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What to avoid during pregnancy?

What to Avoid During Pregnancy and How Not to Miss It

what avoid during pregnancy

There are a number of things a pregnant woman should be cautious of, or avoid during pregnancy. On this page you will find a number of products or activities you should avoid or use with caution.

Here what to avoid during pregnancy

Cats

Toxoplasmosis is a common infection that occurs in most birds and mammals, including humans. The parasite called ‘Toxoplasma gondii’ (T. gondii) can be found in cat faeces or soil or cat litter that is contaminated with infected cat faeces.
The risk of getting toxoplasmosis when you’re pregnant is very low. If you get toxoplasmosis in the early stages of pregnancy, the risk of miscarriage is increased and it can cause blindness and brain damage in an unborn baby.
Signs of toxoplasmosis include mild flu-like symptoms, such as high temperature, sore throat and aching muscles. However, in most cases, toxoplasmosis doesn’t cause any symptoms.
Pregnant women are not routinely screened for toxoplasmosis. It’s therefore important that you know how to prevent infection.

Cleaning products

Check the labels of these products to make sure there are no safety warnings for pregnant women. If the labels make a product sound very toxic, it may be better to avoid using it at this time. If you use cleaning products, glues, paint or any other household chemicals, follow the safety directions on the label. Make sure there’s plenty of fresh air.
Some moth balls and toilet deodorant cakes contain a substance called naphthalene. Exposure to very large amounts of naphthalene can cause damage to blood cells, leading to a condition called haemolytic anaemia. Some of the symptoms that may occur after exposure to large quantities of naphthalene are fatigue, loss of appetite, nausea, vomiting, and diarrhoea. Newborn babies are particularly at risk of damaging their blood cells if they are exposed to naphthalene.

Exercise

It’s great to be active and stay fit while you’re pregnant, but check with your midwife or doctor first to make sure there are no health problems to prevent you from exercising. If there are no problems, try to do 30 minutes of moderate exercise, like walking or swimming, on most days of the week.

Regular exercise can:
1- help you stay at a healthy weight
2- help you relax
3- help make you stronger and fitter – good for coping with pregnancy, labour and being a parent
4-help decrease discomforts like back pain and varicose veins that affect some pregnant women

Food

There are some foods you should not eat when you’re pregnant because they might make you ill or harm your baby. Make sure you know the important facts about which foods you should avoid or take extra care with when you’re pregnant. The best foods to eat are freshly cooked or freshly prepared food.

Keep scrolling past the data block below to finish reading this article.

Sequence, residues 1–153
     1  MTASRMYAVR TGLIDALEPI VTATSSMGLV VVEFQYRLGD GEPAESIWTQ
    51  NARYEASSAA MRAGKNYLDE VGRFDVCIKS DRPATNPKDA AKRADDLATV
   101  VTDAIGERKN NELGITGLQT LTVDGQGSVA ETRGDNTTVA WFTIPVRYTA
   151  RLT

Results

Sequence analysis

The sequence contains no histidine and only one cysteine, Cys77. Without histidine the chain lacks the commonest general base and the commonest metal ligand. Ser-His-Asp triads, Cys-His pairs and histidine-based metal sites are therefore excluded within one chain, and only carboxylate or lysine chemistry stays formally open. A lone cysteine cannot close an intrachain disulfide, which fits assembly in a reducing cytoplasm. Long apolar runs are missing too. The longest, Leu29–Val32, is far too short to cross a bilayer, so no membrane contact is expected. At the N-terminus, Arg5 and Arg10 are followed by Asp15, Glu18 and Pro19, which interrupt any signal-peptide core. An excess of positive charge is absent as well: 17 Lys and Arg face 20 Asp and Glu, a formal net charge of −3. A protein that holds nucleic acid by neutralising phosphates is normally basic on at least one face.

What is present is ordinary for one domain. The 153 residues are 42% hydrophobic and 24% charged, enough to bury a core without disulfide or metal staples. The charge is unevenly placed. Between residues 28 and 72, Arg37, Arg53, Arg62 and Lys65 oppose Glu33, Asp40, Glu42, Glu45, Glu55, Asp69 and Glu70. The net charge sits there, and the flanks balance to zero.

Alcohol

There is no safe level of alcohol that you can have during your pregnancy. Whether you are planning a pregnancy, already pregnant or breastfeeding, not drinking is the safest option as alcohol can harm your unborn baby. 

Breastfeeding

It is very important that you tell your doctor or specialist if you are breastfeeding. Some procedures can involve a radioactive substance being injected into your vein that will take a few days to flush out of your body through your urine. While it is in your body a very small amount of radioactive substance can be passed on to your child through the breast milk. Your doctor or specialist and staff where you are having the procedure will give you specific instructions, such as to express and throw away breast milk for a short time after having the scan, so that your child is not exposed to the radioactive substance unnecessarily.

Hair dye

Most research, although limited, shows that it’s safe to color your hair while pregnant. Some studies have found that very high doses of the chemicals in hair dyes may cause harm. However, these doses are massive compared to the very low amount of chemicals that a woman coloring her hair is exposed to.
Many women decide to wait to dye their hair until after the first 12 weeks of pregnancy, when the risk of chemical substances harming the baby is much lower. If you’re coloring your hair yourself, you can reduce the risk further by making sure that you:
1- wear gloves,
2- leave the dye on for the minimum time, and
3- work in a well-ventilated room.
Highlighting your hair, by putting the dye only onto strands of hair, also reduces any risk. The chemicals used are only absorbed by your hair, and not by your scalp or bloodstream.
Semi-permanent pure vegetable dyes, such as henna, are a safe alternative.
Do remember that pregnancy can affect your hair’s normal condition. For example, your hair may:
react differently to coloring or perming than it usually does, and
become more or less absorbent, frizzy or unpredictable.
It’s always a good idea to do a strand test first, using the hair dye or treatment that you intend to use. Speak to your hairdresser for advice.